Note to Reader: We have great respect for the administrators who have to make difficult decisions within their school districts. I am writing this blog post because I have personally seen great changes made among the school districts in our area addressing issues with “the bad kids”. 

Recently I spoke with a counselor at one of our alternative (disciplinary) schools. She told me a story about a young man who recently got sent back to his campus after trying to get re-instated at a new campus in his district (his family had recently moved). It turns out the principal at this school was this young man’s principal in 7th grade, and essentially, the principal denied this young man’s entry onto his campus because of the student’s bad behavior in middle school.

Let that sink in. After several years, this principal held a grudge against this student and denied access to traditional public education, forcing the student to go to alternative placement. Because of past sins, this student has been “marked” so to speak and will struggle to have access to the same levels of education as his peers.

This isn’t an isolated story. A big part of my group work is in alternative schools, and this story rises to the surface over and over. Most of the kids I work with got in trouble in elementary and middle school, and they developed a reputation. They were put on “the list” and feel singled out or watched by administrators. From a very young age, they were labeled “the bad kid”.

These are powerful messages, even if they might be earned in some way. They trickle down into the hearts of students who are told over and over how bad they are. Or, the message is sent that they are not wanted when they are repeatedly suspended or sent to alternative schools. After a while, they just accept they are “bad” and start playing the part.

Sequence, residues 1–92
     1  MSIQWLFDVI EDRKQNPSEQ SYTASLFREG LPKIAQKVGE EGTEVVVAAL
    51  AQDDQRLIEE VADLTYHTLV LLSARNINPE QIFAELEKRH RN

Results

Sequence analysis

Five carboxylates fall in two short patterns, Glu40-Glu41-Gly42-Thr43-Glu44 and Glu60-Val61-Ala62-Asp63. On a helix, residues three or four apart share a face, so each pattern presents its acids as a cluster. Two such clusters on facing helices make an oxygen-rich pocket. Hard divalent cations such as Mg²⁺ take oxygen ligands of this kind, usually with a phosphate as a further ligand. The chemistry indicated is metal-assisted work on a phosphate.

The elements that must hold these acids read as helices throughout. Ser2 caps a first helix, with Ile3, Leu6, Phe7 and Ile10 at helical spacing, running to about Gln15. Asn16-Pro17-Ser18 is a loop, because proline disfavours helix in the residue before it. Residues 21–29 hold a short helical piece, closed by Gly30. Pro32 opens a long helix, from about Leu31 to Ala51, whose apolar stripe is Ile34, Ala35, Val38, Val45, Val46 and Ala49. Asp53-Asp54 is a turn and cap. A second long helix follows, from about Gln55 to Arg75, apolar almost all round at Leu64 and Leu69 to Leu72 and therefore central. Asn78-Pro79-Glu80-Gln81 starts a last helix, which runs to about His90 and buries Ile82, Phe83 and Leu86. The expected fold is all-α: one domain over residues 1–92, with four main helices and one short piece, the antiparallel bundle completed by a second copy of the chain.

Unfortunately, the statistics are starting to bear this idea out along racial and intellectual lines. Students of color or who are in the minority are much more likely to be suspended or expelled, especially if they have some kind of learning disability. One of our local major school districts suspended over half of the African American males in the district while over 25% of all students in the district were suspended or third partied. And, this is a huge district!

Studies have shown that students who are suspended or expelled are much more likely to drop out of school or repeat a grade. In fact, a study of all 7th graders in Texas over a three year period showed 31% of students who were suspended repeated a grade, compared to only 5% who didn’t get suspended.

For many reading this, it might seem like there is a little bit of blaming going on here. If the students just followed the rules, they wouldn’t be in trouble, right? Well, yes and no. When you look back thirty or forty years, school suspensions were very low. It was really hard to get suspended from school in the 70’s. But several factors, including Colombine in 1997 changed all of that. With Colombine, the idea of “Zero Tolerance” and putting police officers on school campuses became the norm. When the idea of “Zero Tolerance” takes root in an administration, many misbehaviors can fall under that pretense.

For those reading this post who might struggle with this concept, understand that things have changed dramatically on school campuses over the last 40 years. But our students are the ones suffering the long term consequences of “Zero Tolerance” and over suspending schools.

There is much more to say on this. In the meantime, if you want more context for the statistics I mentioned above, I encourage you to spend some time looking at these articles which will point you towards growing data showing these troubling trends.

The School to Prison Pipeline, explained – this is a great primer for this topic. Lot’s of links out to articles and research.

Out of school and off-track (An in-depth study out of UCLA on school suspensions)

I believe in my last post I promised some solutions, but I felt like discussing the problem a little further, while providing some context through research would help. In my next post, I plan to talk a little bit about what is being done to address some of these issues and some positive ways forward. Let us know what you think!

Chris Robey, Teen Life’s Program Director, has worked with teens for over a decade and strives to help students see the best in themselves.